I've always believed that librarians should and will play a part in the rise of the Semantic Web and Web 3.0. I've gone into the theory and conceptual components, but really haven't discussed too much about the practical elements of how librarians will realize this. Meet Talis. Besides its contribution to the blogosphere, Talis has recently dipped into publishing with its inaugural issue of Nodalities: The Magazine of the Semantic Web. It's a wonderful read - take a look.
How did Talis come about? It's been in the works for quite a while now, and it's worth noting how it came to be. In 1969 a number of libraries founded a small co-operative project, based in Birmingham to provide services that would help the libraries become more efficient. The project was known as the Birmingham Libraries Cooperative Mechanisation Project, or BLCMP. At this time the concept of automation was so new that the term mechanisation was often used in its place.
BLCMP built a co-operative catalogue of bibliographic data at the start of its work, a database that now contains many millions of records. BLCMP moved into using microfiche and later IBM mainframes with dedicated terminals at libraries in the mid-seventies and was one of the first library automation vendors to provide a GUI on top of Microsoft Windows to provide a better interface for end-users. The Integrated Library System was first called Talis. Talis became the name of the company during re-structuring and the ILS became known as Alto. In 1995 Talis was the first library systems vendor to produce a web enabled public access catalogue. Much of Talis' work now focusses on the transition of information to the web, specifically the Semantic Web and Talis have lead much of the debate about how Web 2.0 attitudes affect traditional libraries.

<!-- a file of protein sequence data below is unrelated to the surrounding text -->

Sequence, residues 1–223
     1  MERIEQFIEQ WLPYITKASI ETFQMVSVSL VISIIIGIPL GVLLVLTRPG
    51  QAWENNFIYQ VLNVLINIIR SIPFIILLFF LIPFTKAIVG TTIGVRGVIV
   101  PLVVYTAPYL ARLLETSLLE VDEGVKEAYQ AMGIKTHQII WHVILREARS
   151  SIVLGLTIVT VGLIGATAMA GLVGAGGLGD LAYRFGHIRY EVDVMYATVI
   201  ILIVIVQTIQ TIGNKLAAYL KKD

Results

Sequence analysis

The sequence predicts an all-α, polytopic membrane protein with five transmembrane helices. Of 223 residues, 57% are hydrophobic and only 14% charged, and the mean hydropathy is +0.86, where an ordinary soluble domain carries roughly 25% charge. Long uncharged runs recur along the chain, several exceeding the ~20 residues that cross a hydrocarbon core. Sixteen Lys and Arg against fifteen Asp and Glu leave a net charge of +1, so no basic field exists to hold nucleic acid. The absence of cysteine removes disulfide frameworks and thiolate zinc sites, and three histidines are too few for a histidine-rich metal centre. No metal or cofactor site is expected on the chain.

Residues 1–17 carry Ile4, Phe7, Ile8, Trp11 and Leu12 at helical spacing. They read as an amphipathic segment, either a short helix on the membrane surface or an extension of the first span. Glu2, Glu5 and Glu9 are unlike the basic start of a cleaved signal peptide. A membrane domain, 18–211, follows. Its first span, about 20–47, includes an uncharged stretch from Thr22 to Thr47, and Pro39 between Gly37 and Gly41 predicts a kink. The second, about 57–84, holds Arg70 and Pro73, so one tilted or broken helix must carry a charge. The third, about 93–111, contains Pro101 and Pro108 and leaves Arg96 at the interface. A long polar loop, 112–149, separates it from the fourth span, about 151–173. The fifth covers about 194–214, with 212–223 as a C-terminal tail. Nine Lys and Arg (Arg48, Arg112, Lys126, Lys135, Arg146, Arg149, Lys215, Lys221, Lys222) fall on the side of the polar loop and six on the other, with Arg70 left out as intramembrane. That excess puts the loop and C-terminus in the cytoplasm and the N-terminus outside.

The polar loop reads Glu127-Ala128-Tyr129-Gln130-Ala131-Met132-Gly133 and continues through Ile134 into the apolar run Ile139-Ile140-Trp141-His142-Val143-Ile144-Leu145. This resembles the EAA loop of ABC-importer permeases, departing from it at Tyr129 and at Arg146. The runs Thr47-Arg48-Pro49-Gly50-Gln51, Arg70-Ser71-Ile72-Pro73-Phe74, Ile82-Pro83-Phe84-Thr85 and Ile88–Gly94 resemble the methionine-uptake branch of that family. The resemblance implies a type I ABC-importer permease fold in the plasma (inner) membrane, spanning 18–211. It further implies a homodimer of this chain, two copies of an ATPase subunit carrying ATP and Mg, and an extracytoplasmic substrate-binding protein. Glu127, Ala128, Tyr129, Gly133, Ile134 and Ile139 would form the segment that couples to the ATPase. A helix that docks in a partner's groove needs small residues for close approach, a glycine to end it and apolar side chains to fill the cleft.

How does this include librarians? This ambitious Birmingham-based software company began life in the 1970s as a university spin-off. For many years it was a co-operative owned by its customers (a network of libraries), but in 1996 it was restructured as a commercial entity. It has a well-established pedigree of supplying large-scale information management systems to the public in the UK and academic libraries: in fact, more than 60% of UK public libraries now use the company's software, which benefits some 9m library users. In 2002, the company embarked on Talis 2.0, a change programme to take advantage of "the next wave of technology" (Web 2.0 and the semantic web). In the year ending March 2004, turnover was £7.5m with profits of £226,000. Who says librarians can't make a buck, right?